On the inside of the coin door, the wires were given a clean up and any loose crap was wiped away. There are no coin mechs in the door and I plan to leave it that way. As much as I love putting a coin in to start a game, it’s something I rarely do now. Both switches for the coin entries are wired up and work, but I’d like to add a credit switch to allow easy addition of credits without risking fingers bending switch wires and creating repair work. I have been giving this some thought over the last week about how to best achieve it, and I think I came up with a reasonable solution.
I wanted to have a credit switch that would not require modification to the coin door (or cabinet) in any way. That way it can easily be removed without any artifacts. I went digging through my parts and came up with a microswitch that has a long arm to activate it and a small frame I could use to attach it to the coin door.
Now to find a suitable spot. I like the idea of hooking it up to the coin return button on the front of the door. This way you can add credits to the game without opening the door. There was an empty hole on the rear frame of the coin return bar. The switch frame was added to this with a small bolt. Two leaf switch spacers were used to pad the long screw attaching the switch to the frame. The switch arm was then bent to allow the coin return button to be pressed all the way in and activate the switch by pressing the arm against the thin coin lockout bar. The two wires run from the switch to the right coin switch.
To test, the coin return button was pressed fully and a credit added to the game. A few adjustments were made to the bend in the switch arm to ensure it allowed the credit button to be pressed fully in without putting stress on the arm. Once happy, I finished it off with some heat shrink over the metal arm and ticked the task off my to do list. I like this solution since there are no modifications to the coin door, it uses spare parts (so zero cost) and it can be removed in a few minutes. So that’s the coin door done.
A small issue I noticed recently was a few of the lamps sitting under playfield inserts were dull. After a count, three in total suffered from this issue. They were lit, but -very- dull. For example – under the yellow inserts, one in each photo is very dull compared with the others.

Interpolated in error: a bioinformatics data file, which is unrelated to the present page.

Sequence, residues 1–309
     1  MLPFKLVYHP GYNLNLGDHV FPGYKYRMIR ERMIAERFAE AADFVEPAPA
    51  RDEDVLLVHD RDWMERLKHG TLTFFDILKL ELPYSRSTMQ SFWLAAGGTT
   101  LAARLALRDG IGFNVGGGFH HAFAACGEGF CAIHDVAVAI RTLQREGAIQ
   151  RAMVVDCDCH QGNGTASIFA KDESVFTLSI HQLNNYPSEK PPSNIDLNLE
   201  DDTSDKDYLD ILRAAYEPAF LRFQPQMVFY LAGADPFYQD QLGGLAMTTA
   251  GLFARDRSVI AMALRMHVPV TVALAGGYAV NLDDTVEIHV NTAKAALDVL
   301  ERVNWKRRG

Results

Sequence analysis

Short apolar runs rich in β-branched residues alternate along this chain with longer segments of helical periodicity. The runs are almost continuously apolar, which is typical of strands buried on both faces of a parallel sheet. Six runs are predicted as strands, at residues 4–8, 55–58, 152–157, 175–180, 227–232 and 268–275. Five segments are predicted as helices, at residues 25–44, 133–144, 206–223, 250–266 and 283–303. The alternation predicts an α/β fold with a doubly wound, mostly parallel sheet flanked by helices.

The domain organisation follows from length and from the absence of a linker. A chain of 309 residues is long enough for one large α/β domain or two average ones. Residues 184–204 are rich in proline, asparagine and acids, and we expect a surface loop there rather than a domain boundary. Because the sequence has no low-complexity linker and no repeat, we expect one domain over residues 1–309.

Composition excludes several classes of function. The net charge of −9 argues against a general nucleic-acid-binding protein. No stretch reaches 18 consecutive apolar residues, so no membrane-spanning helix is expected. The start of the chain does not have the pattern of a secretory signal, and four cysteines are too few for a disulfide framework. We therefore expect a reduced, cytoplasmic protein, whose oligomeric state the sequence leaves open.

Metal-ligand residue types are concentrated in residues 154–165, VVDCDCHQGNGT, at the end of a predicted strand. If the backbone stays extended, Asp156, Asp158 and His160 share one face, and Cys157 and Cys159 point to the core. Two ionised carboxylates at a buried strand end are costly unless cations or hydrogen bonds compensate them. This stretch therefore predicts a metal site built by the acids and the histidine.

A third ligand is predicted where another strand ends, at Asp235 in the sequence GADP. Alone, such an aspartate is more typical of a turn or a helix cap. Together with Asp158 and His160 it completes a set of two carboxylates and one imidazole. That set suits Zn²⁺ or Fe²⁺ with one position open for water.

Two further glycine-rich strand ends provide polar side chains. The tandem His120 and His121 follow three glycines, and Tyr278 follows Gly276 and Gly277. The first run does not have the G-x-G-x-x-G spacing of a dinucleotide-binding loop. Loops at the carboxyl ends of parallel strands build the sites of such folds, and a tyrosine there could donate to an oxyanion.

After some investigation around connectors, pins, tracing wires and reading diagrams, I found the issue was the lamp socket itself. These sockets were replaced with spares I had and the lamps are much better now. A classic case of going for the difficult / complicated cause before testing the most obvious thing first. Anyway, another thing checked off the to do list.
The final part of this update is a quick revisit of the saucer, specifically the GI lamp under the playfield that lights it up. I haven’t been overly happy with the lamp they put there as half the saucer remains unlit due to the arm used to kick the ball up blocking the light from reaching the entire saucer. I tried angling the existing lamp across the lower side, but this gets in the way of the switch. Not happy with the results I was seeing from the single lamp, I decided to add a second lamp that sits on the other side of the arm, this way the entire saucer is lit.
That’s another update complete. I’ll finish up with a progress photo.
The machine is cleaning up nicely and has come a long way since I brought it home. Next up will be the two pop bumpers. You might notice in the photo above I’ve already removed those – I’ve started work on these already. They will be stripped, cleaned and any broken parts replaced. I’ll also look at the two pop bumper boards located under the playfield and survey the art damage around the area. That will just leave the drop target bank and lower flippers to rebuild. I’m looking forward to having this into a fully playable state soon.